Developing With Docker - Debugging Containerized Micro-services

This is my third post in a series on developing with Docker. If you're developing micro-services, there's a very good chance you are if you're using Docker, then you probably have a number of them communicating over TCP (or maybe UDP). This technique will show you how to debug those containers, especially useful when your logs simply don't give you enough information alone.

You'll need experience of Docker and be comfortable in a terminal.

Problem

You're trying to debug an issue that is inter-container, and you want to see traffic over the network.

Solution

Use the tcpdump tool to examine the network traffic.

To demonstrate this, we're going to start a simple Nginx container to fill the role of one of the applications:

docker run --rm -ti -p 80:80 nginx

You can test this is working by using curl to fill the role of another application (change the IP address to that your Docker host):

curl http://192.168.99.100

You should see the welcome page, and the Nginx container should log something similar the following:

192.168.99.1 - - [03/Mar/2016:21:41:08 +0000] "GET / HTTP/1.1" 200 612 "-" "curl/7.43.0" "-"

Now, image that rather than curl on your local machine, it's actually an application you cannot modify making the HTTP request. You would not normally be able to see any of the exchange.

Lets see how to see it using tcpdump.

On either your Docker host (or the machine making the request) you can run the following command to get a list of network interfaces:

ifconfig

Ignore any network interfaces that do not have an IP address. If the command lists docker0 use that, otherwise look for en0 or eth0. If you're using a Docker virtual machine (e.g. Boot2Docker) look for one that matches vboxnet* (in my case it is vboxnet3).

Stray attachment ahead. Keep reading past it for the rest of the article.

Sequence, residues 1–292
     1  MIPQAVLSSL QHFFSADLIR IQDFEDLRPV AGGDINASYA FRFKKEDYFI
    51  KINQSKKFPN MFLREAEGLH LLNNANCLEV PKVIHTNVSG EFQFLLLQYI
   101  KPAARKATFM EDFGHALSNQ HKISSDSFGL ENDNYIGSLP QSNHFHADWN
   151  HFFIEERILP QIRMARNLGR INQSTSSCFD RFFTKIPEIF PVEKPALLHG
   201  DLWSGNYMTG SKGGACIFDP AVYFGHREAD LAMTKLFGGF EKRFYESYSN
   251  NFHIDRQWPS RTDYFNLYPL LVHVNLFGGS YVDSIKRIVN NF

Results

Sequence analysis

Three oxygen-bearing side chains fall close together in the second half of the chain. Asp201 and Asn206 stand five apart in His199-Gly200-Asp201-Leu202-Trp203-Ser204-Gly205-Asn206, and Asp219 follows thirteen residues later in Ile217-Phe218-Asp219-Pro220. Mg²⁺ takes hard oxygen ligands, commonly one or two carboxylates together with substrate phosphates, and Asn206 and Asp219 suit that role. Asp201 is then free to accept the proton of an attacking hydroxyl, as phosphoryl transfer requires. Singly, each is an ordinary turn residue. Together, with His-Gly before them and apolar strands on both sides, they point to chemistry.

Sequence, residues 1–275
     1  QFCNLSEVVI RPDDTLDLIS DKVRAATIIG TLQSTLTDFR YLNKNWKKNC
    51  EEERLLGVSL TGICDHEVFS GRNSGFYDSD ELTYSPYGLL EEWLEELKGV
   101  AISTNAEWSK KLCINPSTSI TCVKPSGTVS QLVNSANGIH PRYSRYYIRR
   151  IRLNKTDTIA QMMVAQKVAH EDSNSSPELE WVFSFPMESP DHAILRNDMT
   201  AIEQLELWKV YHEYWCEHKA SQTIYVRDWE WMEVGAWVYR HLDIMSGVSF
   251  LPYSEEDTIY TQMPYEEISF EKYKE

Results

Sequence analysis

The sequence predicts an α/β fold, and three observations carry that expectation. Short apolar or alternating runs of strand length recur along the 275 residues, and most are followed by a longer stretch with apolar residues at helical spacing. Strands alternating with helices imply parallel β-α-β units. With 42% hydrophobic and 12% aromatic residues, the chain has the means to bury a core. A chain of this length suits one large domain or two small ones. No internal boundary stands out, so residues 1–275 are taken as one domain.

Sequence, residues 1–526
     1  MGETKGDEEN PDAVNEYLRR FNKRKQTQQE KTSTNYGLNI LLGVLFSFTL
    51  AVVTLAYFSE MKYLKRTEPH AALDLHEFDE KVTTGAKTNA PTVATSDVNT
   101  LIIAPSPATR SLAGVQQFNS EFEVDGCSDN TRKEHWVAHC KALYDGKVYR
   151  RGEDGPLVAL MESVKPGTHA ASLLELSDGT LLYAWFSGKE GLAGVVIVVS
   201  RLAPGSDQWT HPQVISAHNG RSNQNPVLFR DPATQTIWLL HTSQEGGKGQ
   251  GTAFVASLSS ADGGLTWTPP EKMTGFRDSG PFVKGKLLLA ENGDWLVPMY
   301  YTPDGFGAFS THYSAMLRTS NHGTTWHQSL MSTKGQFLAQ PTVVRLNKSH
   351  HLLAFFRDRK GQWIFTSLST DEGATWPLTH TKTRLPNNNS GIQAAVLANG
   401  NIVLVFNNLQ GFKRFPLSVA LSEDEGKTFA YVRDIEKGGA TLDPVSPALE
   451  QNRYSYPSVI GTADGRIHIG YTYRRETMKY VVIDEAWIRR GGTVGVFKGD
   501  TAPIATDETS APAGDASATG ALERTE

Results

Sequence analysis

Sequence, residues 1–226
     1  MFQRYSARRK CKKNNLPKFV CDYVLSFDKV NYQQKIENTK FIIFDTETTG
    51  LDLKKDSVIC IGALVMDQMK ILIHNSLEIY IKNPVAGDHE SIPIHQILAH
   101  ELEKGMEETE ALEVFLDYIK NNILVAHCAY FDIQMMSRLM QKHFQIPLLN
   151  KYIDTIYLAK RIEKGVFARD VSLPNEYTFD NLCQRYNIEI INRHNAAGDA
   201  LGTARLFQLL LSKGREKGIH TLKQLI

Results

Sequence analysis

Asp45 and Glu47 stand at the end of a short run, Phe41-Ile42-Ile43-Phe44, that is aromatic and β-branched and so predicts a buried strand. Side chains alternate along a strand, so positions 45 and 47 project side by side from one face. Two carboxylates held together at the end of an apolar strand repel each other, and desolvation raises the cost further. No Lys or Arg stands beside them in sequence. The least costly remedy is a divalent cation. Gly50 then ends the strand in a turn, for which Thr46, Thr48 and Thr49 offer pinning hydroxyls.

tcpdump -i vboxnet3 -s 0 -l -vvv

Now request the page again (e.g. in a shell):

curl http://192.168.99.100

You should see details of the request printed in the terminal running tcpdump:

22:17:23.150782 IP (tos 0x0, ttl 63, id 13829, offset 0, flags [DF], proto TCP (6), length 290)
    192.168.99.100.http > 192.168.99.1.56705: Flags [P.], cksum 0xeef0 (correct), seq 1:239, ack 79, win 227, options [nop,nop,TS val 1741227 ecr 82684063], length 238: HTTP, length: 238
	HTTP/1.1 200 OK
	Server: nginx/1.9.11
	Date: Thu, 03 Mar 2016 22:12:05 GMT
	Content-Type: text/html
	Content-Length: 612
	Last-Modified: Tue, 09 Feb 2016 18:01:51 GMT
	Connection: keep-alive
	ETag: "56ba298f-264"
	Accept-Ranges: bytes

Discussion

The tcpdump command is a low-level debugging command for Linux systems. If you run OS-X, you'll find that the syntax of the command is slightly different to Linux, but the principles remain the same.

If you have a number of containers running on a single host, you can add a filter to reduce the amount of output:

tcpdump -i vboxnet3 -s 0 -l -vvv 'tcp port 80'

Or, by host if you have a specific IP address (this works well with Kubernetes):

tcpdump -i vboxnet3 -s 0 -l -vvv 'host 10.254.0.8'

It take a few hours to get comfortable with tcpdump, but persevere. There are a couple of reasons that I like using this tool so much:

  • You can get a great deal of debugging information out of a container, far more than logs alone.
  • You don't need to modify the container, or often the host, to get this information.
  • It works on the desktop, in your container cluster, or any remote host.

Related

  1. Developing With Docker - The Debug Container
  2. Developing With Docker - Using A Proxy Container To Make Development Easier
  3. Developing With Docker - Building Patterns
  4. Introduction to Docker Slides
  5. Search In A Box With Docker, Elastic Search, Spring Boot, and Selenium